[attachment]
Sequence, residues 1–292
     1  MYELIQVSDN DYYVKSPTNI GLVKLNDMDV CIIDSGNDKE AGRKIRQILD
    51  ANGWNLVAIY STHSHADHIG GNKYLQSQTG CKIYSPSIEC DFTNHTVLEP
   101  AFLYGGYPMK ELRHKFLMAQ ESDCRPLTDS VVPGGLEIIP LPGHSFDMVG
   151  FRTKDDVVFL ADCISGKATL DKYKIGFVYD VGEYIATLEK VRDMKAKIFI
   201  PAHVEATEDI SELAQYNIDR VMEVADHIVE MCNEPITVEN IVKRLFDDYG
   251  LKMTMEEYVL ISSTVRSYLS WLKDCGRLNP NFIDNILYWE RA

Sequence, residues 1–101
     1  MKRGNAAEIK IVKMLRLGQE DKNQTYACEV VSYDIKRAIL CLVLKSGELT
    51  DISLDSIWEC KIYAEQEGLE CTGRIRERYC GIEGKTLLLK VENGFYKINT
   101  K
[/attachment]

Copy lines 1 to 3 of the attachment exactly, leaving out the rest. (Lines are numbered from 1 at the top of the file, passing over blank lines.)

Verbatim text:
Sequence, residues 1–292
     1  MYELIQVSDN DYYVKSPTNI GLVKLNDMDV CIIDSGNDKE AGRKIRQILD
    51  ANGWNLVAIY STHSHADHIG GNKYLQSQTG CKIYSPSIEC DFTNHTVLEP